For many designers, culture is a driving factor in choosing a company to work for, and deciding to advance a career there. Design culture is more than ping pong tables, free food and a pretty workspace. It’s about providing the tools and an environment to perform at your best. No matter the level of design maturity, each organisation has unique cultural strengths and areas that can be improved.
Creating a culture of user experience involves asking uncomfortable questions; the key is to navigate that friction so that people feel encouraged not just to contribute but also to question ideas.
A/B testing can help teams separate concerns and learn to disagree constructively. Minutia gets sorted out quickly, the work moves forward, and most importantly you help create a framework for challenging ideas, not people. Here’s how.
As consultants, we know there’s a right way to do websites. This belief often comes from a good place: We care about good design. We want to see it work.
But there’s a downside — we can get a touch judgy. We highlight everything that’s wrong with an organisation’s website (chaotic, redundant, and irrelevant), and feel duty-bound to point it all out.
The risk is that we end up ‘doing strategy’ to our clients. Looking through a content strategy lens, here’s how we can reframe the way we work and communicate with clients and stakeholders.
There’s no feeling as universally common yet isolating as imposter syndrome. The fear that you’re not the magical unicorn with the medley of skills and experience that everyone expected.
For UXers just starting out, this feeling is practically a prerequisite. What other group of people are meant to have extensive skills in research, design, strategic thinking, data and psychology? Oh and to add to this list, user experience designers are meant to have EXPERIENCE.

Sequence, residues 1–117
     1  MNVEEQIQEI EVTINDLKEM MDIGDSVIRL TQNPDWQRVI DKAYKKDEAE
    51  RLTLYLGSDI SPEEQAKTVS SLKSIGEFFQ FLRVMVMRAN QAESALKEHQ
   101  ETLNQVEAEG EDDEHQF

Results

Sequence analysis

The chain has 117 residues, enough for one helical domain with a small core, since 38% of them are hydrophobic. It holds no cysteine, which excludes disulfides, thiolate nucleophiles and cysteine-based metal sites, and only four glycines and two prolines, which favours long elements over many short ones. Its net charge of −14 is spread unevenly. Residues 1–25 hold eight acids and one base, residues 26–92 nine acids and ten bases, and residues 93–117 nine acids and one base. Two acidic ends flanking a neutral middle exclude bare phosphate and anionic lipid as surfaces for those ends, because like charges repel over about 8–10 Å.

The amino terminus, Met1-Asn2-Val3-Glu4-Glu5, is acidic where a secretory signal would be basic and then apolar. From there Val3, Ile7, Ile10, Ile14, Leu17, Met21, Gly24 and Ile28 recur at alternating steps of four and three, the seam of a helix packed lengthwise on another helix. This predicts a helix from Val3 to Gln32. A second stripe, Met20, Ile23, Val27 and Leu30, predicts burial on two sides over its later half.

But we all have to start somewhere. Here’s how the experts cope when imposter syndrome rears its ugly head.
In this session in our Slack channel, accessibility guru Derek Featherstone will provide practical takeaways to help you design and build things that go beyond screen reader compatible and deeper into truly accessible design.
As a UX designer, there are times when you need to prove to your employer or company stakeholders, the value of what you do and the difference it makes to your company’s bottom line. But many UX designers struggle to prove the value of their work.
Speaking to over 60 UX design experts from around the globe, the UX School put together a comprehensive report compiling the latest research in the ROI of UX design. Here’s what they found.
If you missed today’s interesting and informative chat with Dr Susan Weinschenk, never fear – here is a full transcript.
Read on to find out what went down.
Design reviews are an important way to work with stakeholders. But when a design review goes poorly, it can feel uncomfortable and awkward.
The anxiety we feel when threatened extends to the workplace when our ideas are challenged – our defences go up and we search for a way to deal with the threat. Some of the more well-known responses are the fight-or-flight, and the closely related freeze and appease response.
How can we learn to win the battle between thoughts and feelings during design reviews?
Customer-centricity is essential to building meaningful relationships with customers. And ultimately, your organisation’s success.
In this interview, Deborah Clarke, Director of UX at CarTrawler talks to Sofia Quintero, Founder at NomNom. They discuss the interdependent roles of User Experience and Customer Experience, and why testing and communication are critical keys to organisational success.
Next week we’ll host Dr Susan Weinschenk in our Ask the UXperts Slack channel to get the lowdown on what stakeholders need to know about psychology in order to understand our design decisions.
If you feel like you’re constantly banging your head against the wall trying to justify your work, then this session is for you.